Its offense is a disaster, its veterans are offering little help, and the schedule offers no immediate relief as Ohio State’s NCAA Tournament hopes sink deeper into the abyss with another ugly road loss.
Champaign, IL – There’s not much Ohio State coach Chris Holtmann can say and apparently very little he can do to spare his team the continual misery of a challenging January that gets worse by the day.
And the month isn’t over yet.
Having blunted a five-game losing streak on Saturday, OSU reverted to its offensively-challenged ineptitude Tuesday in a 69-60 loss at Illinois that was much worse than the final margin.
Saturday, Ohio State (11-9, 3-6 Big Ten) heads for Indiana (13-6, 4-4), which has won three in a row in the league by 18, 15 and 13 points, including an 80-65 rout of Illinois on the same floor where the Buckeyes were decisively whipped.
“We need to be better,” Holtmann said. “We just need to be better.”
Ohio State trailed by eight points at halftime and by double figures most of the rest of the way, briefly drawing within six points once, only to immediately allow a 10-0 burst that made the final 10 minutes a slapstick routine.
The Illini (14-6, 5-4) ran a layup line all night, both in their half-court offense and in transition, repeatedly taking advantage of the Buckeyes’ inability to defend the back door, the screen and roll or the fast break.
In a statistical anomaly, Illinois triumphed with ease despite shooting a pathetic 5-of-28 from three-point range.
Ohio State went 4-for-10 from distance, opening a wide berth to penalize the Illini for their long-range inaccuracy. But the Buckeyes made only 18 of 50 inside the arc, and suffered a debilitating 14-rebound deficit on the glass.
“Obviously, we didn’t play well,” Holtmann said. “Obviously, that’s on me. That begins with me. We need to play better.”
Easy shots were at a premium for Ohio State, not just because Illinois is one of the longer and better defensive teams in the Big Ten, but because it’s becoming harder and harder to fathom the plan on offense.
Assuming, of course, there is one.
Trip after trip, possession after possession, the Buckeyes pass the ball around and attempt a one-on-one move to gain a good look. Quite often, depressingly often, the shot clock forces a contested attempt that has precious little chance of connecting unless it’s offered by freshman Brice Sensabaugh.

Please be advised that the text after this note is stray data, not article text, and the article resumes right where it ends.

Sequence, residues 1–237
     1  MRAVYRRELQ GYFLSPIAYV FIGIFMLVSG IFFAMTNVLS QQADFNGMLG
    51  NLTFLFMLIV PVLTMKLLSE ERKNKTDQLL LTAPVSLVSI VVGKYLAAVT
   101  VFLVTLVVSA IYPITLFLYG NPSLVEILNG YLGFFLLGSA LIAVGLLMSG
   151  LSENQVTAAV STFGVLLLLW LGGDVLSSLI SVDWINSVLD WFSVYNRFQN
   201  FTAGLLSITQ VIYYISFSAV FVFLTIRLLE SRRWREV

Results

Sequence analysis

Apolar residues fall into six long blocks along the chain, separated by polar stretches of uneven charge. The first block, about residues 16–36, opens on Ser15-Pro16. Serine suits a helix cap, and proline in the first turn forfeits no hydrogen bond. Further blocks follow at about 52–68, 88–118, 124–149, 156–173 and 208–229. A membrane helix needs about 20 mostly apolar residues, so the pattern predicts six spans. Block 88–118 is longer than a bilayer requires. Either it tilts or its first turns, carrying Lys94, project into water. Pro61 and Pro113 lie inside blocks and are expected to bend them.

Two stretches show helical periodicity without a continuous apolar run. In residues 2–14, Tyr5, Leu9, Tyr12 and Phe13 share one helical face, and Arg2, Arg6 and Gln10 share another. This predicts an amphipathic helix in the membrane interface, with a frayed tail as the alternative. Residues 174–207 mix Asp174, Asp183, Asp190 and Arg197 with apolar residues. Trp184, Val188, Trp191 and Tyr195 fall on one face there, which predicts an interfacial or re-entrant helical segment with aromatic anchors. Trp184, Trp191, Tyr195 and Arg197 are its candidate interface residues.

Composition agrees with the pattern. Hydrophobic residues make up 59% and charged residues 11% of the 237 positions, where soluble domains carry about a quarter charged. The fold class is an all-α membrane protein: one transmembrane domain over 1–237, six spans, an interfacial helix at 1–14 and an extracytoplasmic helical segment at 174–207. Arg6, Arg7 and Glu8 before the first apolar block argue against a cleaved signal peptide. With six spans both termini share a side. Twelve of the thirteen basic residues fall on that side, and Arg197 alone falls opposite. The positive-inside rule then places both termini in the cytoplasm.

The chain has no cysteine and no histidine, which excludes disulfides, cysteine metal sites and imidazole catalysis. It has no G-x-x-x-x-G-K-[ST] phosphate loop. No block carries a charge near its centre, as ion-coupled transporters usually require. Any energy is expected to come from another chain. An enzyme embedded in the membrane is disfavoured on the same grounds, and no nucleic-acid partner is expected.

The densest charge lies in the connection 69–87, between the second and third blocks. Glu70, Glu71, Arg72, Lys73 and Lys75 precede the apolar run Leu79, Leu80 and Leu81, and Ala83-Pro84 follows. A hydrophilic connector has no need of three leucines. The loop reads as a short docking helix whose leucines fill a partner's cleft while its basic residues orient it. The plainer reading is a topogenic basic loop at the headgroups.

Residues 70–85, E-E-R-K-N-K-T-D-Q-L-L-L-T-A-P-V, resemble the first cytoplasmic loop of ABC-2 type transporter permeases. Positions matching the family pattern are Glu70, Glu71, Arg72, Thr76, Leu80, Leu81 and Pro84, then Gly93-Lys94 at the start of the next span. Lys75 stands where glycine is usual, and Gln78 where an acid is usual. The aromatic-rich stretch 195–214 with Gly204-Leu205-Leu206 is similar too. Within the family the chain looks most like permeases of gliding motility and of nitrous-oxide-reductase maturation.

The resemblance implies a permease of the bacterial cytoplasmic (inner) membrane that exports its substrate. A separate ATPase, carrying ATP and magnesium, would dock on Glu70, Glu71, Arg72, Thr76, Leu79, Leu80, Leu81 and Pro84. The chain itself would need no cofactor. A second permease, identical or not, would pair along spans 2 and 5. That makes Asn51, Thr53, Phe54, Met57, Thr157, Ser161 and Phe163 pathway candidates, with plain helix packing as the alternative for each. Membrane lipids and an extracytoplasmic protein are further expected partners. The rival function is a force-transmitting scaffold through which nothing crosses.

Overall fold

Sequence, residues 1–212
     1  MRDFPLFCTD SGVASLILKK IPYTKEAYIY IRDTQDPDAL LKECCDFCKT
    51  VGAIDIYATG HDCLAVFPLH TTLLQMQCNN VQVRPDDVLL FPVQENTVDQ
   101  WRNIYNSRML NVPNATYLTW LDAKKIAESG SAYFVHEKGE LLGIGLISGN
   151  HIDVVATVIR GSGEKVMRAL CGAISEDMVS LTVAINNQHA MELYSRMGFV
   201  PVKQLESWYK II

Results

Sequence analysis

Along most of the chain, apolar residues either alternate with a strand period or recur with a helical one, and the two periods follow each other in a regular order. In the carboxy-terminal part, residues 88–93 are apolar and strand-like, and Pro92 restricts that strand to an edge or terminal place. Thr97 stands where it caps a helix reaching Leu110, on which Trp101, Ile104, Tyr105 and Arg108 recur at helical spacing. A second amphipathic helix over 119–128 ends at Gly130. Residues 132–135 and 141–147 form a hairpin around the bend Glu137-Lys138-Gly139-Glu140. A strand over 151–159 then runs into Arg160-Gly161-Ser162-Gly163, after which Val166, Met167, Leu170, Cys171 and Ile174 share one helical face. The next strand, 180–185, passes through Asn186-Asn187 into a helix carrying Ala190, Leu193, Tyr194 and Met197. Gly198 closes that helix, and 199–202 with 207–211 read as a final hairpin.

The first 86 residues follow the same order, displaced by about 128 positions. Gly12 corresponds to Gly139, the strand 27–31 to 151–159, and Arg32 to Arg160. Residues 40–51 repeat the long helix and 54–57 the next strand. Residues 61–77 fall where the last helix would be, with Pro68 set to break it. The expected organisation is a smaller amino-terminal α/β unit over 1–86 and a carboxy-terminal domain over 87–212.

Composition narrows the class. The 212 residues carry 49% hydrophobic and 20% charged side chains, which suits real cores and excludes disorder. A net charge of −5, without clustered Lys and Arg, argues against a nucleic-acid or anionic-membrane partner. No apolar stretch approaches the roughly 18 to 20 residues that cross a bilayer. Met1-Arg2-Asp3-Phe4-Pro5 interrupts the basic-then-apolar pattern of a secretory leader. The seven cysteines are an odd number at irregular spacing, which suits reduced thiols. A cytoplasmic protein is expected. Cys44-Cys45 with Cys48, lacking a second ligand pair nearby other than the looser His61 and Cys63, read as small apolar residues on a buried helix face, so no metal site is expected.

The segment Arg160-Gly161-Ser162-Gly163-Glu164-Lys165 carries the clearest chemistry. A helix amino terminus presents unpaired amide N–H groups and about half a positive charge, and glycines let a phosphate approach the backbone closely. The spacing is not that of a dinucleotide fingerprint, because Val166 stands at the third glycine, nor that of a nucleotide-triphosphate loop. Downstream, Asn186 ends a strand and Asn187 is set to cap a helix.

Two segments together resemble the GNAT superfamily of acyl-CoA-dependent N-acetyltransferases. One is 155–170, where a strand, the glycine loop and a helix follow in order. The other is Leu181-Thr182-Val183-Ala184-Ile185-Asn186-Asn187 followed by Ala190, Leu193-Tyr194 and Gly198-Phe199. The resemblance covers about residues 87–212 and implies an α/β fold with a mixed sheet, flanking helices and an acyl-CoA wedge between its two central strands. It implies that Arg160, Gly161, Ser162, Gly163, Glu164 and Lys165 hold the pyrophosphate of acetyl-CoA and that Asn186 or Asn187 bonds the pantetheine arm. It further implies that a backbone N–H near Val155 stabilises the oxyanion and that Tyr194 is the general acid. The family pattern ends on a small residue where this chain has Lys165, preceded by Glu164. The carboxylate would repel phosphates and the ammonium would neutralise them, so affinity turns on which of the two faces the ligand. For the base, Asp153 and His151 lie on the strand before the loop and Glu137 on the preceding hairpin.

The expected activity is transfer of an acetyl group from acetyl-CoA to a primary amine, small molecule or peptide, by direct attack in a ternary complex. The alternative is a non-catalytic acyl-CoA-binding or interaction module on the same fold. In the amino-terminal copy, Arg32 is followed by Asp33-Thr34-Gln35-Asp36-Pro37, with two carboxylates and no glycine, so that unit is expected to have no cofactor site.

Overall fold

He led OSU with 14 points, the 11th straight game he’s done so, which is an unrelenting burden to place on a first-year player on a roster with much greater experience elsewhere.
Going back to the well where it found respite Saturday in a 93-77 win over Iowa, OSU tried getting offensive support from fifth-year transfer Isaac Likekele against the Illini.
But, after scoring 18 to double his previous season-high, Likekele reverted to his previously-frigid form and finished the first half 1-of-7, all on shots within six feet of the basket.
Later in the half, both Zed Key and Bruce Thornton missed the front end of one-and-one free throw chances that could have kept the Buckeyes competitive.
Likekele became a crowd favorite in the second half, when he whiffed on a two-shot chance, awarding everyone in the crowd free chicken nuggets for their game ticket.
Back-to-back dunks on the break inside the six-minute mark heightened the fun factor for the home folks, as did Jayden Epps bouncing an inbounds pass off the back of OSU’s Roddy Gayle to Epps for a layup.
He was one of four Illini players in double figures, while Justice Sueing’s 13 was the only consequential support for Sensabaugh’s team-leading effort for OSU.
Center Zed Key had only eight points on 2-of-8 shooting with three rebounds before fouling out with five minutes left.
That stat line that won’t inspire much fear from 6-9 Trayce Jackson-Davis of Indiana, who had 31 points, 15 rebounds and five blocks Tuesday in an 82-69 home win over Michigan State.
Another loss Saturday would be seven of its last eight, leaving OSU one game over .500 overall and four games under that in the league because of losses to Minnesota, Nebraska and Maryland – the three teams that join the Buckeyes among the Big Ten’s bottom four.